By the 17th century the disposition of fields and pastures, as well as the regulations for their use, become clearer. (fn. 110) The open-field land stretched along the ridge, sloping down towards the meadows and carrs on north and south. There were three chief fields. East Field lay on both flanks of the ridge east of the village. North, or North Carr, Field lay mostly on the north flank west of the village. And West, or Carr Side, Field lay on the south flank, again west of the village. There was also a small area of arable land, known as Clough Field at the time of the inclosure, which lay in that part of Drypool reckoned to be in Sutton parish. The commonable meadows lay on both sides of the open fields: Risholme Carr to the north of the ridge, and Sutton Ings and Carr Side Meadow to the south. The inclosure award also dealt with 'the Balks', presumably the dividing balks among the open fields, used as meadow. The better-quality pastures lay for the most part north of the ridge: East Carr, the Salts, and North Lands just beyond it, and Bransholme away to the north. The poorer-quality pastures were the carrs, on the wettest and lowest ground, which were used as common wastes. Most prominent among these were North Carr and West Carr, on either side of the ridge; the inclosure award also dealt with Sutton Common and other, unnamed, areas. There was a small area of unimproved growths next to the River Hull in the south of the parish. (fn. 111)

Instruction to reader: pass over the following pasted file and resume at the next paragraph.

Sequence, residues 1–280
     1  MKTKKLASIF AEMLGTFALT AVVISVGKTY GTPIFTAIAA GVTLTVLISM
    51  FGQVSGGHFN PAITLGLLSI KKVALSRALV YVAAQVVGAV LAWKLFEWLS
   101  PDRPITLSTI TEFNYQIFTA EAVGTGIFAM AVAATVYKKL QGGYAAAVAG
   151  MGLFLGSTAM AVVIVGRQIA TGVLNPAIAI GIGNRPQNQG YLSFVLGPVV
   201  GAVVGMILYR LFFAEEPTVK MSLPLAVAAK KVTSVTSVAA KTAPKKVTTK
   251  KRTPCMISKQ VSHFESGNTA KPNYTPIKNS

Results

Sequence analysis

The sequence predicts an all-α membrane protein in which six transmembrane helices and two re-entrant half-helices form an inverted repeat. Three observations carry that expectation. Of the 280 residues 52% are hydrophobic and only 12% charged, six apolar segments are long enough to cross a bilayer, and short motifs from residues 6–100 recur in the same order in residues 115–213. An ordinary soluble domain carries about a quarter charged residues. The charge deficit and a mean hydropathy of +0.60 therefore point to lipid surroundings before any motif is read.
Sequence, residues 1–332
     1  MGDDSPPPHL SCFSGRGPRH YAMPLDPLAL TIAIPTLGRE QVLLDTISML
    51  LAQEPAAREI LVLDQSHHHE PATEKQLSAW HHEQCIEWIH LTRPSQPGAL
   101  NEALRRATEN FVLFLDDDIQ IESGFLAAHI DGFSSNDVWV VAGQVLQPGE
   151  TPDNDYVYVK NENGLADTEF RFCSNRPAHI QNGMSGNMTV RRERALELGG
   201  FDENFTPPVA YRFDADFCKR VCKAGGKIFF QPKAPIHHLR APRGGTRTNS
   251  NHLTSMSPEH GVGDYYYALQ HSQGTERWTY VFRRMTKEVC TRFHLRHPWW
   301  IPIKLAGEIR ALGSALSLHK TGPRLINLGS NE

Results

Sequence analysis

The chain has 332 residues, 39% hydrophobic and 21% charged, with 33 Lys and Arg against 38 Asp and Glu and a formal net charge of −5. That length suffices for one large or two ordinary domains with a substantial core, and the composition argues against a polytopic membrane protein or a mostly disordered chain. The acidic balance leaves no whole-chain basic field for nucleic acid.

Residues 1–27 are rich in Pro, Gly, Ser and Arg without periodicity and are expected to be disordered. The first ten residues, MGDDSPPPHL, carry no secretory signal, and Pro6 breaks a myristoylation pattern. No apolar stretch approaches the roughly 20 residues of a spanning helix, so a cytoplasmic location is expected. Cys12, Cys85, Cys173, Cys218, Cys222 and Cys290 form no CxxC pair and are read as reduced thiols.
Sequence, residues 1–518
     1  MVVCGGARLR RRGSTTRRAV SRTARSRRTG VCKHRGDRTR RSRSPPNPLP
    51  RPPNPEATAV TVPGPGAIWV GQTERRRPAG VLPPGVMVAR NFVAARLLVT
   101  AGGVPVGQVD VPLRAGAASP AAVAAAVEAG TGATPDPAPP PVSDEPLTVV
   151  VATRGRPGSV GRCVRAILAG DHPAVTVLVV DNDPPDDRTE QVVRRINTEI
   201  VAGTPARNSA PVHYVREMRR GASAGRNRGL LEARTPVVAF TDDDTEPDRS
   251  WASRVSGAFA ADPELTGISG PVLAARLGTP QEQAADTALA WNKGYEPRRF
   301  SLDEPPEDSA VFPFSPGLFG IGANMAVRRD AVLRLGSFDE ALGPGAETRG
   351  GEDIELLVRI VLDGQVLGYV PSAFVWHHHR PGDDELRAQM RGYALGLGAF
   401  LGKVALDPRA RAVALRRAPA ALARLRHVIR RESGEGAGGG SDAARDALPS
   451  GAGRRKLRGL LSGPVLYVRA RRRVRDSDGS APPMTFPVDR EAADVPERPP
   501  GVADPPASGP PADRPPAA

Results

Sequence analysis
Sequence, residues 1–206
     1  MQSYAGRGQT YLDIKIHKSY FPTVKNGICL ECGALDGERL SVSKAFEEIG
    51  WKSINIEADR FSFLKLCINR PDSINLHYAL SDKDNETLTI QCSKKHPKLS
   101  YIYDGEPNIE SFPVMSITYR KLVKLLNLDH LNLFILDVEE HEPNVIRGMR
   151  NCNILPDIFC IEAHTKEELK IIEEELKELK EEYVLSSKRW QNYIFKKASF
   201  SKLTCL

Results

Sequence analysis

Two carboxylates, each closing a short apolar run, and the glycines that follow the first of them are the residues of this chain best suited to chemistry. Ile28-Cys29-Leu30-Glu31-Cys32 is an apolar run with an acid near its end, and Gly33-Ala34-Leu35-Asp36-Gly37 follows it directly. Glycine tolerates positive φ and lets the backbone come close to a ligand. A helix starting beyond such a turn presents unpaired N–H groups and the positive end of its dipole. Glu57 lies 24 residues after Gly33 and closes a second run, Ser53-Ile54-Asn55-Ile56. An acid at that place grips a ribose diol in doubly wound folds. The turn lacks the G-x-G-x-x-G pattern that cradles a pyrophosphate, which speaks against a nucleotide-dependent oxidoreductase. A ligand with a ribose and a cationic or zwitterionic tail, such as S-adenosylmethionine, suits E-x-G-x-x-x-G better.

Ancient inclosures occupied a comparatively small area of the parish. Apart from crofts and garths around the two settlements, there were closes along the River Hull near Stoneferry (fn. 112) and several others which seem to have been shared by the various lords of parts of the manor. The Corporation of Hull, for instance, had a sixth part of Great Oxland, Spring Hill, Castle Hill, Castle Ring, and Hallcoate Walls; (fn. 113) and in 1653 the Constable family had a ninth part of the four first-named closes. (fn. 114) There were also, in the meadows, several sheepcotes and a number of small inclosures called 'pighills' (i.e. pightles). (fn. 115)